Genetic Ancestry: Viewing Your Results
So, now that you’ve ordered your kit, taken your test, and received your results, how do you put them to good use in your genealogy research? Well, it depends on which company you decided to do your testing through. I have personal experience with 23andMe, so that is the example I’ll use today.
Before you do anything else, go to the mechanism that matches people with similar DNA. 23andMe calls this feature “Relative Finder.” This is your best bet for finding others that can expand your family tree. Interestingly, the service will estimate how closely related you are to these other people. From there, you can message your matches, and compare surnames. If those match, you can compare that branch of your tree to see how you’re related.
Next, you should head over to the Ancestry Painting section. This gives you an idea of where your somewhat recent ancestors were from. European representation is fairly straight forward, but Asian and African ancestries are a bit more complex. East Asian, Pacific Islanders, and American Indians will likely all show up as mostly Asian. African Americans will probably find that they have a substantial mix of the three. The same goes for certain parts of the middle east.
That said, just because something doesn’t show up in your results doesn’t mean your ancestors weren’t from different places. For example, I’m fairly positive I have some American Indian ancestry through one of my branches, but that was so far back in my lineage that I no longer have any Asian-specific markers. For all intents and purposes, my genetic profile is that of someone with only European recent ancestors. This is a great way of potentially confirming suspicions, but it won’t be able to rule anything out.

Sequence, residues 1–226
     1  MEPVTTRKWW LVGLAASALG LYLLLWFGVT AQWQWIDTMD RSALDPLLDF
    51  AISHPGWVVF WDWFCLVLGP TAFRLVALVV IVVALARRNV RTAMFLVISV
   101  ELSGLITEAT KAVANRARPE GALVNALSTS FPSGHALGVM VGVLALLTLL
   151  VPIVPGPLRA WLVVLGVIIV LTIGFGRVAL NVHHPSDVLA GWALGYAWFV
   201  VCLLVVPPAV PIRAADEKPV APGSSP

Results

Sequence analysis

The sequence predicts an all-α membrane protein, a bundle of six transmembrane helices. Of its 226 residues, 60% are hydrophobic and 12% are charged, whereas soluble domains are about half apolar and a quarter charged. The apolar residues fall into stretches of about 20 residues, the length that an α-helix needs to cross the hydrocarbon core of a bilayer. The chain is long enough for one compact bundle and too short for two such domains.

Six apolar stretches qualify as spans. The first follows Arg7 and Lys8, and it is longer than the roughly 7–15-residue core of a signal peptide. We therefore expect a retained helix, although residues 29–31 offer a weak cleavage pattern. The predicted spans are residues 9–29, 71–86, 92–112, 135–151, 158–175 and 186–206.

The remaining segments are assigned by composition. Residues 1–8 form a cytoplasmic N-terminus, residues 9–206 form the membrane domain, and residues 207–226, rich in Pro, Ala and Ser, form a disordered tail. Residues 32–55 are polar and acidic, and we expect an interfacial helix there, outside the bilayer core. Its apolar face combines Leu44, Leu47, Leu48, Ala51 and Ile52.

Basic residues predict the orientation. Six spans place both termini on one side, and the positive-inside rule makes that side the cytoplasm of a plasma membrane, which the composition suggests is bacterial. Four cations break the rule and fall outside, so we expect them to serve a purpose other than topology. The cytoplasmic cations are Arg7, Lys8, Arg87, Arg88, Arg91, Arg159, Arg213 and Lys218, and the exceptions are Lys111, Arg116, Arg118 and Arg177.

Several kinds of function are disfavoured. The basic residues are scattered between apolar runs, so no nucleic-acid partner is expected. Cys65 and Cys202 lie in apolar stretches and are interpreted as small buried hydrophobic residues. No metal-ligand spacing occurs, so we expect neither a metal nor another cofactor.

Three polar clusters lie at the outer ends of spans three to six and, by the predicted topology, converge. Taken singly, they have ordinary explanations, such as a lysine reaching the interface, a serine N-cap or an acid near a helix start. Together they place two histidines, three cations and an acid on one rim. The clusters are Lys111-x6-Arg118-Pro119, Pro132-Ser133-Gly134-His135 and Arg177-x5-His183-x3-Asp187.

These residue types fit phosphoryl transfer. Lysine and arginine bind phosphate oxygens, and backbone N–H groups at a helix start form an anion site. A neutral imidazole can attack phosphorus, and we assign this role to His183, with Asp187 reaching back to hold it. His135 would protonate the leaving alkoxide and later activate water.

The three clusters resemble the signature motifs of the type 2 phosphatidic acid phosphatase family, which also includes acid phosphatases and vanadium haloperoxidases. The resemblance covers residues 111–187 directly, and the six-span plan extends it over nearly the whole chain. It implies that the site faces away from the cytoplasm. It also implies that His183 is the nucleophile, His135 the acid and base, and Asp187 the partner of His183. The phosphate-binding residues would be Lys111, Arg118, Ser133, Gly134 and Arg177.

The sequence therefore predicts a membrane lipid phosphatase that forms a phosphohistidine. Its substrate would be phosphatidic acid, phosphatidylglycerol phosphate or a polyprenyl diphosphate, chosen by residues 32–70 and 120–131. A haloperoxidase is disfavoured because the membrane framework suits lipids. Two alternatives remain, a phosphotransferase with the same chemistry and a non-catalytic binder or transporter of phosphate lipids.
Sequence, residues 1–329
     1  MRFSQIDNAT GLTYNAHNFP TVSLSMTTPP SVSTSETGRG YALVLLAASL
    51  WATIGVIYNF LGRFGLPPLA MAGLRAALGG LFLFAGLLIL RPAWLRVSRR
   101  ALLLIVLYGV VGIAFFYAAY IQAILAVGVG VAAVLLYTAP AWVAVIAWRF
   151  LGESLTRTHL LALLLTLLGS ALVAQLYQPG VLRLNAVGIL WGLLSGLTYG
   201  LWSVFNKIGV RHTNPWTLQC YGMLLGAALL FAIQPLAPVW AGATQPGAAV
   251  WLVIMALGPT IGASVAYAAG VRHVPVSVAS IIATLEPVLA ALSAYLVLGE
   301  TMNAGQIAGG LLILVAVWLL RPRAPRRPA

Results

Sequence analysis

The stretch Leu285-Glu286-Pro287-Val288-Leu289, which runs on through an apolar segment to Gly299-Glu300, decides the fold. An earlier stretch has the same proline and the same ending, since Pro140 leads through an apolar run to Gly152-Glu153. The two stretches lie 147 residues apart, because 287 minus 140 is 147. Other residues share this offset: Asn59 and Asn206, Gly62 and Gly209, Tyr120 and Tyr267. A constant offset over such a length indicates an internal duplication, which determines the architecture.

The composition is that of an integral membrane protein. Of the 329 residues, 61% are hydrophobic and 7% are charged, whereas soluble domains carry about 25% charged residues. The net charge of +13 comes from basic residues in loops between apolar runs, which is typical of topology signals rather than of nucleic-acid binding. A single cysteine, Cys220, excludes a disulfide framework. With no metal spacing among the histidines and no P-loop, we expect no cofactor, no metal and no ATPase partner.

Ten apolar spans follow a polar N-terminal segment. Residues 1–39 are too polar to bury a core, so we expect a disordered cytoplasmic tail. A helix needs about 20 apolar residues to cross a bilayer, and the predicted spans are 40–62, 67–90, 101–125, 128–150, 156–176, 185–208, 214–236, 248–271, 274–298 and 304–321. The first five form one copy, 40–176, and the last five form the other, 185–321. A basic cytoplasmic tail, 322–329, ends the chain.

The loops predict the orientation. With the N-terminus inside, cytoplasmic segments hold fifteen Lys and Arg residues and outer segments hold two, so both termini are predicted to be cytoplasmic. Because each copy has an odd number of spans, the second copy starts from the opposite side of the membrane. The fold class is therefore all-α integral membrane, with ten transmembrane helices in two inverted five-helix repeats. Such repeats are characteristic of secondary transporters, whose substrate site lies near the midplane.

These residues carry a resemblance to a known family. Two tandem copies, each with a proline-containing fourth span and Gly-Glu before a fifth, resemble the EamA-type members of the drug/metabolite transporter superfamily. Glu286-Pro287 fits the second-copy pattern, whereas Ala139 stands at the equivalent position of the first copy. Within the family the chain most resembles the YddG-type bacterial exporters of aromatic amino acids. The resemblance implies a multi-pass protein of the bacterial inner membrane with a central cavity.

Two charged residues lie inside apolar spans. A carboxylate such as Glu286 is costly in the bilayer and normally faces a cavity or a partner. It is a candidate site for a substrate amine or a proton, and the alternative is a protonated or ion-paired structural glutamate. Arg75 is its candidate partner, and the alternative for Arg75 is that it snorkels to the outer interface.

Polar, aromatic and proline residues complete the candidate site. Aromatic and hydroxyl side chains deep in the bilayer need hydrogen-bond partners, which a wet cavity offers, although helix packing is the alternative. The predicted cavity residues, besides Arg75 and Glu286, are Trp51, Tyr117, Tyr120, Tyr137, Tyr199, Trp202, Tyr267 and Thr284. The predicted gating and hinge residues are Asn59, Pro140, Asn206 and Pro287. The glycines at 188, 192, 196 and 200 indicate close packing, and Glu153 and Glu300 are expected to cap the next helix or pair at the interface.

Next, check out your maternal and paternal haplogroups. Men can find out both very easily, but women will need to have their male relatives with the same direct paternal lineage also genotyped to find out their paternal haplogroup. Blame that darn Y chromosome.
Once you find your haplogroup, you can find out where your ancestors were located, how long ago your haplogroup was formed, and how your haplogroup branched off earlier groups. For example, I’m a maternal H17, but H is a subgroup of HV, and HV is a subgroup of R0. That goes on and on until you get to Mitochondrial Eve (Also called the Mother of all Mothers or MoM).
If you’re interested in finding out more about what makes your haplogroup unique, you can check out their beta feature called Haplogroup Tree Mutation Mapper. That is a bit intense, but you’ll be able to dig deeper from there.
Want to know more about using DNA for your genealogy research? Keep an eye on the Geni blog. We have quite a bit more to say about the subject.